Like, Totally: A Brief History of “Like” in Pop Culture

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Recently we read yet another article about the word “like” as used by those darn kids today. We feel like we’ve been reading incarnations of this article since we became aware of the phenomenon, a verbal tic that, like it or not, has been more or less embraced by youths and even adults since the ’60s. However you characterize it — a “filler” word, a nonsense qualifier, or, as we used to insist to our parents, a way of tempering whatever you’re talking about — it’s like, pretty much here to stay.

For proof, we’ve put together a brief history of the most prominent appearances of the “like” craze in pop culture, from a 1920s New Yorker cartoon to Clueless. Indeed, almost as soon as the word rose to prominence, the pop cultural references began to be self-aware, if not flat-out self-mocking. Shaggy’s surfer-dude lingo is already half-ironic, and of course by the time Zappa got his hands on “Valspeak” in the early ’80s it was already something to be cruelly satirized. However, this hasn’t staunched the flow, and teenagers continue to use the word willy nilly, no matter how their teachers wail. Click through to see some of our favorite ‘like’ abusers in pop culture, and let us know how you feel about the word in the comments.

A cartoon in The New Yorker, September 15, 1928

This is one of the first recorded appearances of this kind of usage, or at least the earliest that we could dig up. Even in the cartoon’s context, it seems unwieldy and out of place, not quite settled into the collective consciousness yet.

The Beats in the 1950’s

Like that’s your reality, man. The Beats were notorious for their laid-back, stoner style lingo, all hip to the jive and whatever. For better or for worse, they pushed the use of “like” — albeit in a particular usage that is not common in casual speech anymore — to a greater prominence.

Maynard G. Krebs, on The Many Loves of Dobie Gillis, 1959 to 1963

Maynard was American TV’s first beatnik, and what an over-exaggerated beatnik he was. If this was ever an accurate portrayal of beatnik speech, which we rather doubt, we’re happy to report that most people have scaled back since then.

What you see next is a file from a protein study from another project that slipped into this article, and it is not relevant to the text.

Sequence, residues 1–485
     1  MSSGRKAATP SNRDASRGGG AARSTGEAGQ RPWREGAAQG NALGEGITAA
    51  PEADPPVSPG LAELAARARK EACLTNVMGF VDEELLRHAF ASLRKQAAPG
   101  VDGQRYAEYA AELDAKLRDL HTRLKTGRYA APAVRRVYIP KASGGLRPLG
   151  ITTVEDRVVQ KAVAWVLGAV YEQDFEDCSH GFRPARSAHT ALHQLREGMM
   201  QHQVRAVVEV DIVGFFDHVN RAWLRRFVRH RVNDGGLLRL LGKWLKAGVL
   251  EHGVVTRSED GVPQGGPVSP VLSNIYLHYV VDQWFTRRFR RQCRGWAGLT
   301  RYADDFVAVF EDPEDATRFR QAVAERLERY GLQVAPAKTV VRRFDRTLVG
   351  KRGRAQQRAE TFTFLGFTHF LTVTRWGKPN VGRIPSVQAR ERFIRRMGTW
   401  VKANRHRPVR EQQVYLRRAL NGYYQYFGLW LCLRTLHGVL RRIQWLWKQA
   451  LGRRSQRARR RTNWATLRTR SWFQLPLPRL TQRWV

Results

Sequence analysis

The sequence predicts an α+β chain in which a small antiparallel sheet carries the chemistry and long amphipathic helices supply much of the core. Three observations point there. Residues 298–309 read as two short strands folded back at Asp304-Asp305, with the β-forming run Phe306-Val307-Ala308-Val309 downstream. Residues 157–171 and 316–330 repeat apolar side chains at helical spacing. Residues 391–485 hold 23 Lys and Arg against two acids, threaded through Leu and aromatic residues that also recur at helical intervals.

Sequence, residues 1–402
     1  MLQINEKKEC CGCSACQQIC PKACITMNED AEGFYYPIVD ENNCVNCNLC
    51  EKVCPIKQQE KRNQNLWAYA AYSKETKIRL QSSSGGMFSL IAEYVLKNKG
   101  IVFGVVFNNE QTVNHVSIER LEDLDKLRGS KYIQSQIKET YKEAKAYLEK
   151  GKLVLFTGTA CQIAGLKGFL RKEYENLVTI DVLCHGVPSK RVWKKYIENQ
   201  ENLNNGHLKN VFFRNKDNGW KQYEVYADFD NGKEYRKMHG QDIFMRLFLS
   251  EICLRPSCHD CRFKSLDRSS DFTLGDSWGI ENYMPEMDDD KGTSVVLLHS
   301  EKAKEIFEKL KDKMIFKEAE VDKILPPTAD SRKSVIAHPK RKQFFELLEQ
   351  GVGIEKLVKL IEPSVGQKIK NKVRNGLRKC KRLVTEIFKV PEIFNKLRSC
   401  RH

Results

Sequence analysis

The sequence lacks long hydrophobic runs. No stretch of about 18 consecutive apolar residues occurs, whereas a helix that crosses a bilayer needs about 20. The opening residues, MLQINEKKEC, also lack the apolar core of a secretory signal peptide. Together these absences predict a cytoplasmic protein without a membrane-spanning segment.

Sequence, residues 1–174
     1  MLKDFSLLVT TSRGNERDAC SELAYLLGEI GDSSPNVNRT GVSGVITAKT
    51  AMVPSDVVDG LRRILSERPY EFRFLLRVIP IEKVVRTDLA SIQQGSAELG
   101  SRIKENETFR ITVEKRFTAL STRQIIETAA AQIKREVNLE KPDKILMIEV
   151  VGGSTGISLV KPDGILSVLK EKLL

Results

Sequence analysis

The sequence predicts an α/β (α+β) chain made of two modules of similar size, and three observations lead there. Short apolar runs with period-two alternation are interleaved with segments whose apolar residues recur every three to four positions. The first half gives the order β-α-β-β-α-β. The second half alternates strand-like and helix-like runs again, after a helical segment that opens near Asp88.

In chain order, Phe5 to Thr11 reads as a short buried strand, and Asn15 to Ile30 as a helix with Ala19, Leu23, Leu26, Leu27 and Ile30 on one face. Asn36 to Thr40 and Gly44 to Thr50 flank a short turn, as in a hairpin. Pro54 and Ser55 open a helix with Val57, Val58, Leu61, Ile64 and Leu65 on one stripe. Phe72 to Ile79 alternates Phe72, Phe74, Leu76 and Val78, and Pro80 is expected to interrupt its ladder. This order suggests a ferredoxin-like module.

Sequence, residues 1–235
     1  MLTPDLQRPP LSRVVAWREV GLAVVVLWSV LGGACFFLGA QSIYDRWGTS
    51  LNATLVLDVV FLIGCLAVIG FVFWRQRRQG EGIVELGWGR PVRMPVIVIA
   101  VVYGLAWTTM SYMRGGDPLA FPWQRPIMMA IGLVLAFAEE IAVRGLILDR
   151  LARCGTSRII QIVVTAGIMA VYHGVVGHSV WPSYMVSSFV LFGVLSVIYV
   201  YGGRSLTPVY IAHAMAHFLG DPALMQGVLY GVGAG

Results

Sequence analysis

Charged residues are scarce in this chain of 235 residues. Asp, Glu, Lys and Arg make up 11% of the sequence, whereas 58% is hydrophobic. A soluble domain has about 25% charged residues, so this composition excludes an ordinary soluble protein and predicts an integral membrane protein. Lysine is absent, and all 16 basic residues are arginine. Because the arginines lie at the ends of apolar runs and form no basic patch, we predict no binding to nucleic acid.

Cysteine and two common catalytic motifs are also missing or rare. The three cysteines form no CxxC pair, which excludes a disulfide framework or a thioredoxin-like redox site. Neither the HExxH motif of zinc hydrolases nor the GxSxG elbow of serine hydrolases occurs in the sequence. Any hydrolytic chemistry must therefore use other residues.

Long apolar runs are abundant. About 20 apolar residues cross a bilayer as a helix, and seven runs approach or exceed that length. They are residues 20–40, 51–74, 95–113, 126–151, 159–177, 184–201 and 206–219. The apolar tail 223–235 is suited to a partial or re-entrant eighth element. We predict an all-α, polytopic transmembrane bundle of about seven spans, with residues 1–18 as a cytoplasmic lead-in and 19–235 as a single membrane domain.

A Clockwork Orange, by Anthony Burgess, 1962

This is one of the first uses of the word in literature, as Burgess’s evilly hip Droog spits, “I, like, didn’t say anything.” Again, the word seems a little intrusive, but we’re getting there.

Shaggy in Scooby Doo, 1969

“Like, wow, Scoob!” As far as we can tell, Shaggy’s manner of speech was half in jest and half a pretty fair attribute for his character. They did drive around in that van after all, and everyone knows what went on in there.

Frank Zappa and Moon Unit Zappa, “Valley Girl,” 1982

By this time, the trend was widespread enough that the cooler-than-cool Zappa family deemed it worthy to mock:

Like, oh my god! Like – totally Encino is like so bitchin’ There’s like the galleria And like all these like really great shoe stores I love going into like clothing stores and stuff I like buy the neatest mini-skirts and stuff Its like so bitchin’ ’cause like everybody’s like Super-super nice… Its like so bitchin’…

Valley Girl, 1983

This film, loosely based on Romeo and Juliet, proves that people who say “like” are people too — and even further, worthy of love from Hollywood punk Nicolas Cage.

Sir Mix-a-Lot, “Baby Got Back,” 1992

Just so everyone knows that the Valley Girl moniker is only for stereotypical white girls: “Oh, my, god. Becky, look at her butt. It is so big. She looks like, one of those rap guys’ girlfriends. Who understands those rap guys? They only talk to her because she looks like a total prostitute, ‘kay? I mean, her butt, is just so big. I can’t believe it’s just so round, it’s like, out there, I mean – gross. Look! She’s just so … black!”

Clueless, 1995

The quintessential Valley Girls. Clueless was one of the most potent Valspeak touchstones for ’80s babies, purely because of its ubiquitousness and of course, classic status. Cher in particular singlehandedly elevated the Valley Girl with her sweet demeanor and how she totally schooled that one girl on Hamlet: “Well, I remember Mel Gibson accurately, and he didn’t say that. That Polonius guy did.”

Legally Blonde, 2001

Legally Blonde‘s Elle Woods is basically a slightly older, more exaggerated version of Clueless‘ Cher — only with a tiny Chihuahua and a greater affinity for all things hot pink. In one of the film’s pivotal scenes, Elle’s ex-boyfriend Warner Huntington III is surprised to see that the former president of Delta Nu has been accepted as a student at Harvard Law, to which she deadpans, “What? Like, it’s hard?”

The Hills, 2006-2010

The most famous “real” Valley Girls. Of course, they’re still being mocked, but for all intents and purposes they sound like normal (insanely privileged, reality TV star) girls, and appear to be speaking without any trace of irony. Even the mocking sounds a little overdone — they’re being drippy, we get it. Just tell us what Spencer said!

Jersey Shore‘s Ronnie and Sammi on Jimmy Kimmel Live, 2011

Perhaps showing the word come out of the mouths of the insane cast members of Jersey Shore isn’t a good indication that the usage is truly widespread, but consider the fact that Jimmy Kimmel uses “like” at least as many times as Sammi. The conclusions you draw from that may depend on your opinion of Jimmy Kimmel, but we think it’s fair to say that the term has penetrated at least a few social levels.